Saturday, 7 March 2015

Gene Vincent in the ‘60s: booze, pills, guns, pain, money and marital problems - and some decent records

Gene Vincent’s Wikipedia entry informs us that the great rocker fired several shots at the English pop singer Paul Francis Gadd (now better known as Gary Glitter) in a hotel in Germany in 1968, causing Gadd to flee the country. The bullets missed – unfortunately - but it suggests Vincent was a shrewd judge of character. Of course, had he hit his target, we’d have been deprived of the some excellent Gary Glitterv singles, but any number of young girls would have escaped having to go through the trauma of being sexually molested by a truly repellent shit.

I came across this story while researching the later career of one of my greatest American rock ‘n’ roll heroes – one who was held in high regard and great affection by British music fans: the Beatles based their early leather-clad look on the image created for Vincent by the English TV producer Jack Good when he appeared on Boy Meets Girl on a visit here in 1959. Whereas American producers – and Vincent himself – had always done their best to cover up the fact that one of his legs had been wrecked in a motorbike crash, Good created a set designed to highlight the singer’s infirmity, and spent the recording in the control room shouting “Limp, you bugger – limp!” Of course, the change of image worked – European teenagers loved the soft-spoken Virginian’s dangerous, tortured, moody cripple persona. Perhaps that’s because it was so close to the truth: pills, booze, pain, bad luck, an obsession with guns, and a self-destructive streak a mile wide. Compelling stuff. The truly important thing about Gene Vincent, though, was that he had a superb voice and made great records.

Over the years, I’ve been appalled to discover the lack of actual chart success enjoyed by some of the great rock ‘n’ roll heroes during their heyday in the 1950s. They loom so large in the consciousness of music fans of my generation, we tend to imagine that they spent at least two or three years cluttering up the Top 10 on both sides of the Atlantic with a stream of what are today acknowledged as classic recordings. I’ve just checked up on poor old Gene Vincent’s 1950s chart positions. A grand total of one of his records reached the US Top 10 – “Be-Bop-A-Lula” in 1956. One more – “Lotta Lovin’” - reached the Top 20 the following year. He never made the UK Top 10, but had four Top Twenty singles (“Be-Bop-A-Lula”, “Bluejean Bop”, “My Heart” and “Pistol Packin’ Mama”) – and three more reached the Top 30 (“Race with the Devil”, “Wild Cat” and “She She Little Sheilah”.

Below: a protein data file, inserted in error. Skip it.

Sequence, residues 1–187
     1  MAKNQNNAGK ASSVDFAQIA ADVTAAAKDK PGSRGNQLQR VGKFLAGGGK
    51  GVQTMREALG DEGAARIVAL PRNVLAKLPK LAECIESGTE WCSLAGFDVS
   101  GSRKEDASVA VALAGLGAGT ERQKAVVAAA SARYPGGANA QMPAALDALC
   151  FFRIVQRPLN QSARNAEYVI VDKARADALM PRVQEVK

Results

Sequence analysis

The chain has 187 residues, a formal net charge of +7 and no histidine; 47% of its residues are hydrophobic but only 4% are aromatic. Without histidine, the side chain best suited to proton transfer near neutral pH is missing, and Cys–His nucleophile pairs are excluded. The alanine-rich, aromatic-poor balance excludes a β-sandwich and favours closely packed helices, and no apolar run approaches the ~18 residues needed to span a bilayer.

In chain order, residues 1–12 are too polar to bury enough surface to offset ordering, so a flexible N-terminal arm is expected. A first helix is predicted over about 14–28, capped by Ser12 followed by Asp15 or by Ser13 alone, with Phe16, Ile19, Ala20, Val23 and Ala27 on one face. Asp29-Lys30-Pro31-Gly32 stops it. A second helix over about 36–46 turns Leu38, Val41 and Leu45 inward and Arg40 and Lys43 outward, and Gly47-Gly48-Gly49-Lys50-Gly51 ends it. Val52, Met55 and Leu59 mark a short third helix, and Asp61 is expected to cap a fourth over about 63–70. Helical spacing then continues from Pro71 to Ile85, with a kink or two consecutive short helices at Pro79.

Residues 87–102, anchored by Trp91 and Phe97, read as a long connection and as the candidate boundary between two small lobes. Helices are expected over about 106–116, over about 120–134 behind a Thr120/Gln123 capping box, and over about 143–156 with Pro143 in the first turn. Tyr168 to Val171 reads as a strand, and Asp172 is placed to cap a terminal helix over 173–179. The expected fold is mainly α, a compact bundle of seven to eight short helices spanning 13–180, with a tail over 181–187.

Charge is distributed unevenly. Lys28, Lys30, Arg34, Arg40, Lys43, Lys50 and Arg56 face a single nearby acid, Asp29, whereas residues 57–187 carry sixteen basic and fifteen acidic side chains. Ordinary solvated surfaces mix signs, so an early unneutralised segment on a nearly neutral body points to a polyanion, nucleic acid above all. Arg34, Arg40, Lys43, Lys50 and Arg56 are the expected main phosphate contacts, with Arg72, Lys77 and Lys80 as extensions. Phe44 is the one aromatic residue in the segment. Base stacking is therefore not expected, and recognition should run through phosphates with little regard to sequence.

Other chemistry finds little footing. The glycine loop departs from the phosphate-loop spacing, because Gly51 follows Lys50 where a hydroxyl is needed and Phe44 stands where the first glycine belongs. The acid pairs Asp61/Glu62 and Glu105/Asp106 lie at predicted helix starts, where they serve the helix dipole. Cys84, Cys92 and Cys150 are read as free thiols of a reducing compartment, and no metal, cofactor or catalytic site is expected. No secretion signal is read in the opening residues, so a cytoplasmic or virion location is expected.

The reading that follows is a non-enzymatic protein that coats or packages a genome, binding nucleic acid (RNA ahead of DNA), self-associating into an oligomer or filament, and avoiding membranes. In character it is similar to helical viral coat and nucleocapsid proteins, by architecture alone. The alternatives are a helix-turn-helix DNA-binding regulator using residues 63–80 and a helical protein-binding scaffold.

Pretty poor pickings, given the quality of his output.

After his career had pretty much died in the States (the US was generally a lousy place to be an ageing rock ‘n’ roll star in the late ‘50s/early ‘60s), Europe clasped Gene Vincent to its collective bosom. He was never a huge earner or a chart regular, but there was plenty of live work, and – if he hadn’t been such an unholy physical and psychological mess of a human being – he could probably have had a solid career in the ten years leading up to his death in 1971 from a ruptured stomach ulcer while visiting his father in California.

Despite all of his problems (his leg was further damaged in the 1961 crash which killed Eddie Cochran, and he had endless troubles with the Inland Revenue, his wife, and promoters), his voice held up well, and while the later recordings don’t in any way match the brilliance of his early Capitol classics, there were occasional gems. Here are some of the best from The Screaming End’s final decade:

That was from the excellent Crazy Times LP, realeased in the UK in 1961. The next - which bears a marked resemblance to "Fever", is from 1963:

"I'm Goin' Home" (1961) might be his best 1960s recording:

"King of Fools" is a slice of prime pop from 1962:

I know "Spaceship to Mars" is incredibly silly, but I've always been very fond of it. It featured in the 1961 film, It's Trad, Dad, which appears to have been released at the exact moment when the beard-and-duffle-coat brigade were starting to desert Trad for Folk. Presumably the producers thought black leather didn't quite chime with the spcae travel theme of the song: in fact, it's hard to think of a performer you'd be more surprised to find on a spaceship than Gene Vincent (or a performer you'd be more surprised to find appearing in a film with The Temperance Seven):

Back to black leather normality for this Granda TV performance of a 1964 release, "You Are My Sunshine". He is looking particularly psychotic and pissed in this splendid video:

A 1963 album track now - 1963's "I'm Gonna Catch me a Rat". Pity about the girl singers:

1966's "Bird Doggin'" reminds me of the Everly Brothers early '60s stuff, and proves that Vincent's versatile voice could handle the British Invasion style with ease:

I'll end with Gene Vincent's last single, "The Day the World Turned Blue", which was recorded in 1970. It's lovely, and the film accompanying the video, which is from 1969, is poignant:

Wherever he is now, I hope this talented, troubled man has found some measure of peace.


  1. Ian Dury clearly agreed. See 'Sweet Gene Vincent'.

  2. As did The Stray Cats with 'Gene and Eddie.'

  3. It's not in the same league as "Sweet Gene Vincent" or "Gene and Eddie", but I'm fond of Johnny Carroll's tribute record, "Black Leather Rebel", from 1974 - not a bad attempt to recreate the sound of early Vincent, but, then, Carroll was also cutting frantic rockabilly records in the 1950s: